The current #1 ranked male tennis player in the world is a Rafael Nadal. Despite his young age, he has become regarded as one of the greatest tennis players of all time and is considered to be the best clay-court player who ever lived.

So what does any of this have to do with Dragon Ball?

Rafael Nadal has admitted that Dragon Ball Z is his favorite anime of all time and that Goku is his favorite fictional character of all time. Nadal has talked about his love for the series in interviews, as he used to run home from school in time to watch the new episodes of the show. A CNN article about Nadal has discussed his love for the show, where he was described as the "Dragon Ball of Tennis".

10 The Poison Within Goku's Soul

via: youtube.com (BulmaBrief™)

Goku might be the hero of Dragon Ball Z, but he is not without flaw. Goku is utterly selfish in his desire to become an even stronger warrior, which has caused him to abandon his family on numerous occasions. Even Piccolo is a better father to Gohan than Goku was, and he was Goku's mortal enemy/an evil alien. Vegeta also called Goku out on this in Dragon Ball Super, when Goku was confused as to why Vegeta would want to stay with Bulma when their second child was due to be born.

Akira Toriyama has stated in interviews that he didn't like the Dragon Ball anime's portrayal of Goku as being utterly heroic and without flaws. Toriyama's interpretation of Goku is that he has "poisonous" elements within his soul, that often manifested in his selfishness and desire for personal strength.

9 Is There A Baseball Event For Yamcha To Enter?

via: YouTube.com

The 2020 Olympic Games will be held in Tokyo. This decision freaked out fans of Akira, as the events of the story of both the anime and manga culminate in a confrontation that takes place in an empty Olympic stadium, which was built to accommodate the upcoming games that were going to take place in 2020.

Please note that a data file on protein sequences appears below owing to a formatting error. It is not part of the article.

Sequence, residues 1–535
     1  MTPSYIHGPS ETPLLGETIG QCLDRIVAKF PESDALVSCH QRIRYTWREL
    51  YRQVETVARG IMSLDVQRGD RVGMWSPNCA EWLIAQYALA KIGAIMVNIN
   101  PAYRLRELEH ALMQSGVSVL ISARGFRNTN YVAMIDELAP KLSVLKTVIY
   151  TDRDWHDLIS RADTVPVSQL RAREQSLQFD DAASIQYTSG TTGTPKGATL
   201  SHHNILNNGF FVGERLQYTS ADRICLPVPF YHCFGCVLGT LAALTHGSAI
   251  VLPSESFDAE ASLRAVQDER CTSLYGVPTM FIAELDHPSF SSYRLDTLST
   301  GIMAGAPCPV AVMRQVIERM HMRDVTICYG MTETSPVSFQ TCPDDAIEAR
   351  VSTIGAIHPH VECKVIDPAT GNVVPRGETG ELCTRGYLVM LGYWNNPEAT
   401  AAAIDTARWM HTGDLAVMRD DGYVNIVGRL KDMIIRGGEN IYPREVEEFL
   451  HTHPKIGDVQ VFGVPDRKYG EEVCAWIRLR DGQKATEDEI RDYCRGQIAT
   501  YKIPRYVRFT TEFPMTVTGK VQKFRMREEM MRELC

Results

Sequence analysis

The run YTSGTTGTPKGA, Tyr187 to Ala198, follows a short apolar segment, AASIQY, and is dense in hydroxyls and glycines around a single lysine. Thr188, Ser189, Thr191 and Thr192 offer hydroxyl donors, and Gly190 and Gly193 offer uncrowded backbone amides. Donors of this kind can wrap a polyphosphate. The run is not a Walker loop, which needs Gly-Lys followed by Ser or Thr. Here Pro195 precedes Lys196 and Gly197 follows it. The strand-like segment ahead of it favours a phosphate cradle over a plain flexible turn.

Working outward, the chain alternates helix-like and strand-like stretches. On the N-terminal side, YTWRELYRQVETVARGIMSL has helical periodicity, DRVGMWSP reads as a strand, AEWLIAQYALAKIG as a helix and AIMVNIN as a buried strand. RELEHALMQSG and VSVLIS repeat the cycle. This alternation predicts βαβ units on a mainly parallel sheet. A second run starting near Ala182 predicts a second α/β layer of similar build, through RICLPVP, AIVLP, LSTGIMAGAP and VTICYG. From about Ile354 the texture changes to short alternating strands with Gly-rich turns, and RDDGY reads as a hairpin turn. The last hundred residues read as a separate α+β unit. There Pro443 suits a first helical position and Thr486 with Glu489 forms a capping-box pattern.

It seems that anime will play an important part in promoting the 2020 Olympic Games, as several prominent anime characters have been chosen as mascots. Goku from Dragon Ball Z is one of the characters that have been chosen as fictional ambassadors of the Games. He is joined by the likes of Monkey D. Luffy, Sailor Moon, Mario, and Naruto.

8 Goku Shilled KFC

via: YouTube.com

The Dragon Ball franchise was pretty much dead after the end of Dragon Ball GT, with the series only continuing on in the form of video games and a single OVA. If you ignore Dragonball Evolution (and you should) then Dragon Ball finally returned in 2013, with Akira Toriyama back at the helm with a film called Dragon Ball Z: Battle of Gods. This movie led to the series fully returning in the form of Dragon Ball Super. 

The return of Goku and his friends prompted a lot of promotion for the new Dragon Ball Z film. This included a cross-promotion with KFC, which led to Goku eating a piece of fried chicken in a commercial. The promotion was for a meal that came with a free Dragon Ball bottled drink.